The operator of the Manchester Arena has spoken out against proposals for a 20,000-capacity venue as part of the regeneration of Eastlands, stating “it is just not possible” for the city to support two arenas, and “only one will survive”, potentially risking the future of the city centre.
A public consultation on the revised Eastlands regeneration framework, which includes an outline proposal for a new arena at the Etihad campus, is set to end next week.
A council report issued in March said “international investors and operators see Manchester as one of the few cities in Europe with the ability to successfully host more than one large arena”. The report said that these investors are evaluating locations and developing business cases ahead of revealing detailed proposals later this year.
John Sharkey, executive vice-president of SMG Europe, operator of the 21,000 capacity Manchester Arena in the city centre, has insisted that there is not enough demand to suggest Manchester could support both venues.
He told Place North West: “There is no market research to suggest there is the appetite for another arena – with the proposals there has been no market assessment, no environmental assessment, and no traffic impact assessment.
“We’ve explored the market across the UK and looked at locations where there are multiple venues of more than 15,000 capacity – London, Birmingham, and Manchester.
“All analysis shows Manchester is at the very bottom of the need for a new arena, it is in fact the most saturated market.
“Manchester Arena doesn’t turn away events, so I know there isn’t a big market gap. There are around 150 events being held currently each year, and to support both venues this would need to increase to 300 each year, and that is just not possible, no other city in the UK has that.”
Sharkey said that the arena had been working up plans for an overhaul, to be revealed next year as part of the venue’s 25th anniversary celebrations, but the Eastlands proposals then “came out of left field”.
“The arena is integral to linking developments such as Northern Gateway, Boddingtons, and Salford, with its position above the train station, and with a Metrolink station.”
“We were preparing plans to redo the whole precinct, to expand capacity, add more vibrant arrival experiences, and add to the events we can put on, because we want to be around for another 25 years.”
He insisted that his objection to the Eastlands plan was about more than just defending his venue, and could have significant long-term impacts on the future of the city centre.
“80% of gig attendees spend money in the city centre, and half said that if the venue was out of the city, they wouldn’t come in.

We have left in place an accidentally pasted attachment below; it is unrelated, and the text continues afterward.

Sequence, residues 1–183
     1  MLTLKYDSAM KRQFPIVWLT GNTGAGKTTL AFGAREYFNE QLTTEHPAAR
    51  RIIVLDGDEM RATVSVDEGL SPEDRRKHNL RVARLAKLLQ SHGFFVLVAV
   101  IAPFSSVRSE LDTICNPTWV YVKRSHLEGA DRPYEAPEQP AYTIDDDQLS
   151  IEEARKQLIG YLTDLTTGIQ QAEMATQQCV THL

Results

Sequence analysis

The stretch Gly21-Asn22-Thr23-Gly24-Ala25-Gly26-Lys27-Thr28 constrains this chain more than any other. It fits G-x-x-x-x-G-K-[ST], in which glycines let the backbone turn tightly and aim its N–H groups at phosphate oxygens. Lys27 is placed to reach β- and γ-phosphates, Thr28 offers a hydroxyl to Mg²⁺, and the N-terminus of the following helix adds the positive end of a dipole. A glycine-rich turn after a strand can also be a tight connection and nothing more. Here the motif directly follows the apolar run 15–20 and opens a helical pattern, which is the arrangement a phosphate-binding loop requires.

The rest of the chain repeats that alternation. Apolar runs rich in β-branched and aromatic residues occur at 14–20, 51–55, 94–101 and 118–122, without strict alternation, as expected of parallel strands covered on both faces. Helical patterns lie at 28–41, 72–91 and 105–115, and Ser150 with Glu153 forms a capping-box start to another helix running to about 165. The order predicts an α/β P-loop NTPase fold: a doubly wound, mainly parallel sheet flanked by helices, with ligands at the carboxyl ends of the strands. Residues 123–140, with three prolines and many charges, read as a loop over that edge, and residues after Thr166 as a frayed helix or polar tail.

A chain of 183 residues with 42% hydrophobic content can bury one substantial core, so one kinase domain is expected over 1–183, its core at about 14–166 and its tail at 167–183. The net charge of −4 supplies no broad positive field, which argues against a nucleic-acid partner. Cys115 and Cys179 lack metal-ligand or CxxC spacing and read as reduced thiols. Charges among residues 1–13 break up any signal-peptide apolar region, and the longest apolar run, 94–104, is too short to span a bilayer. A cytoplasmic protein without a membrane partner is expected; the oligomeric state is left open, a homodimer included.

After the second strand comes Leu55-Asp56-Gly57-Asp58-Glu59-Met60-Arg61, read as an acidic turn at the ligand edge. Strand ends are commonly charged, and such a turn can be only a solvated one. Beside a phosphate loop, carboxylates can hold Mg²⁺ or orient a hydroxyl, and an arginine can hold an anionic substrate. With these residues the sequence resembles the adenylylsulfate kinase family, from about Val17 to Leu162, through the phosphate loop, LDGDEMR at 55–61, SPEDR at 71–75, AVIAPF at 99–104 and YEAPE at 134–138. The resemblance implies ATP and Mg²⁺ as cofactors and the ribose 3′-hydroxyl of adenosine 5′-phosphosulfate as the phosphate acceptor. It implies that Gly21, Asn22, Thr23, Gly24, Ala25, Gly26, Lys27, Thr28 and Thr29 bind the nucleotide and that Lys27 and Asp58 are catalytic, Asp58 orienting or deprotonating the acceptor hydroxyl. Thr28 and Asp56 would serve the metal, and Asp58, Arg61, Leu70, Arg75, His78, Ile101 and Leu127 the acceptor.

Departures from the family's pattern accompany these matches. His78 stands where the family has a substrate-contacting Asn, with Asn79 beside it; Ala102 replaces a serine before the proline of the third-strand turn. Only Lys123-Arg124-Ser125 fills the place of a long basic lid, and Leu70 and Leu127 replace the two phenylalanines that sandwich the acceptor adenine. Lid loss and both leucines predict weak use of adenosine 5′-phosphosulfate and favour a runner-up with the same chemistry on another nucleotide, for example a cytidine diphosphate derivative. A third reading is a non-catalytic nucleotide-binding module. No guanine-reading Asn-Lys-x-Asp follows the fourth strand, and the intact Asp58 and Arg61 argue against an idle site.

“Only one venue will survive, and if it’s not ours then the city will lose 1.2 million people coming through it, and could turn to tumbleweed.
“The plans are absolutely crazy, not at all strategic, and are purely opportunistic without any market context.
“A huge amount of pressure is going to be placed on the area. The roads would be gridlock, there’s not sufficient public transport, and the police resource which is already stretched in the city centre would now also need to be out of town. There’s also no guarantee there wouldn’t be both arena and football events on the same night.”
Sharkey argued that despite the council’s insistence to the contrary, “the Eastlands arena is already a done deal”, with an operator lined up and an architect employed to work up designs for a £300m building.
He said he was prepared to debate but “the council had gone to ground” on the issue, suggesting that the council was too close to development in the area, as both a landowner and joint venture partner of Manchester City FC owner Abu Dhabi United Group.
“The council is supposed to set the chess board, and let the players play. Right now they are moving the pieces too.”
In response to Sharkey’s claims, the council denied there was already an operator involved, or an architect leading on the designs.
A Manchester City Council spokesperson said: “We have always envisaged a range of destination uses on the Etihad Campus.
“An Arena, alongside other development options, is being explored within the 2019 Framework because Eastlands has been identified as a potentially viable location.
“Should a decision be taken to pursue an arena, then this will be the subject of determination through the normal planning process following further consultation with residents and the fullest range of stakeholders.”
The city is also continuing to work with Manchester Metropolitan University and other partners to develop the Manchester Institute for Sport at the campus, as well as student accommodation and a high volume of homes. The council would continue its partnership with Abu Dhabi United Group to deliver the development.
The consultation into the revised Eastlands framework ends on Wednesday 26 June: